The Washington Nationals look horrible right now, but things have to turn around eventually. Right? Right??
The Washington Nationals do not look like a championship-caliber baseball team right now. Heck, they don’t even look like a Wild Card contending team. Since jumping out to a 4-0 start, the Nationals have averaged just 3.2 runs per game.
But, there is still hope. It’s easy to say the process is fine and the results will turn around, but that is actually sort of true with the Nationals right now. The process is fine and the results will turn around.
All stats are through Tuesday’s games.
More from District on Deck
- Latest DraftKings Sportsbook Promo Code in Maryland: Bet $5, Win $200 Guaranteed
- Nationals Claim Jeter Downs Off Waivers
- Washington Nationals Minor League Spotlight: Robert Hassell III
- Washington Nationals Tuesday Q&A
- 3 Free Agents the Nationals Should Gamble On
So far, the Nationals are 1-6 in one-run games, compared to 30-21 last season. Tack on a couple extra-inning L’s, and half of the team’s losses could have easily flipped the other way.
Much of the Nats’ struggles can be attributed to their issues in close, late-game situations. Washington is slashing .183/.298/.308 in late/close at-bats. That’s good for a .606 OPS, which would have ranked dead last in baseball in 2017 by a significant margin. The Nationals will revert to their 2017 levels in clutch situations soon enough.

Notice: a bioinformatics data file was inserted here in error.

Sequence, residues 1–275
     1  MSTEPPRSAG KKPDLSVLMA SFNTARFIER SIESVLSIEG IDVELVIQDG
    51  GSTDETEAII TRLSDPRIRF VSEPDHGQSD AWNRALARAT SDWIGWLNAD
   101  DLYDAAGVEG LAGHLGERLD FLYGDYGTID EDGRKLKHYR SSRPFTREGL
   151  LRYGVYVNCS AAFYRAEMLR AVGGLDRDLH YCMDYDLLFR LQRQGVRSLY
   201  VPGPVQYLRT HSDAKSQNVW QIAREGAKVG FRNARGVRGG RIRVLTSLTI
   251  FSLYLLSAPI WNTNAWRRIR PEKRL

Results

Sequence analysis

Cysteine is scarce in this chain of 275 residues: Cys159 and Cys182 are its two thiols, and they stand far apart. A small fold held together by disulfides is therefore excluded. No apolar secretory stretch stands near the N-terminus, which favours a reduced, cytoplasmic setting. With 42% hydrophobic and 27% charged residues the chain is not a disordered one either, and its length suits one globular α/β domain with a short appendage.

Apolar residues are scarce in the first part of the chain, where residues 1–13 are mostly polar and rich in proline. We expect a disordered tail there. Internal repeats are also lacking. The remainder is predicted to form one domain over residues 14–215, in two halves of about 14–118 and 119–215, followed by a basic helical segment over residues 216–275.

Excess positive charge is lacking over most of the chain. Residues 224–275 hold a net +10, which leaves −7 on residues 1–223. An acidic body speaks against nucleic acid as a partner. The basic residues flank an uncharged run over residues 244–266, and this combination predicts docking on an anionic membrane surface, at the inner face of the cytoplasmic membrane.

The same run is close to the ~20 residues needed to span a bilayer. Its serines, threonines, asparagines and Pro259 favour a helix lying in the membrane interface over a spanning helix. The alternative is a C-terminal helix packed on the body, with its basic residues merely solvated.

The Nats’ offense should also tick upwards with runners in scoring position, where they are currently batting just .219/.345/.363. Washington ranks sixth in total at-bats with RISP, but they have only knocked in 72 RBIs in such situations (currently 12th overall).
Walks are part of the issue; the Nats lead baseball in free passes with RISP, and are tied for first in intentional walks. Getting on base is all well and good, but because walks generally don’t drive in any runs, they are ultimately pretty useless in clutch situations if the next batter fails to get a hit. However, it won’t stay that way forever.
Washington is currently stranding 7.42 runners each game, which also would’ve been the worst mark in 2017. That number has to get better. Eventually, the hits will start dropping and all those walks will pay off two- and three-fold.
Of course, the law of averages isn’t the only thing holding this team back. Injuries have sapped this team’s power, but the Nationals will hopefully be acquiring three All-Star level players over the next month: Adam Eaton, Anthony Rendon, and Daniel Murphy. If those three come back at full strength or somewhere close, the offense will get a much-needed jolt of energy. Until then, it looks like Ryan Zimmerman and Michael Taylor are coming around at the plate after slow spring trainings. The two righties have combined for 16 base hits and 9 extra-base knocks in their last 7 games.
The Mets will certainly hang in the division race, but they won’t be able to run away and hide by the summer. The NL East crown will still be within reach as long as the Nationals do their part. It looks bad now, but that tune could change in a month.
From May 21 to June 10, the Nationals will face San Diego, Miami, Baltimore, Atlanta, Tampa Bay, and San Francisco. During a similar stretch from May 24 to June 10, the Mets have Milwaukee, Atlanta, the Chicago Cubs, Baltimore, and the New York Yankees.
That’s not a murderers row for the Mets, but its not easy either. Meanwhile, the Nats get one of their easier stretches of the season and should be close to full health by then. That’s the type of three-week stretch that propels Washington up the standings towards New York. And of course the Mets and Nats still have 12 games against each other, all from July onwards. If the Nationals are rolling by the All-Star break, then they could really turn the NL East tides down the stretch.
Right now, the Nationals simply need to sit tight. When the hits begin to fall and the stars return to the lineup, the wins will follow.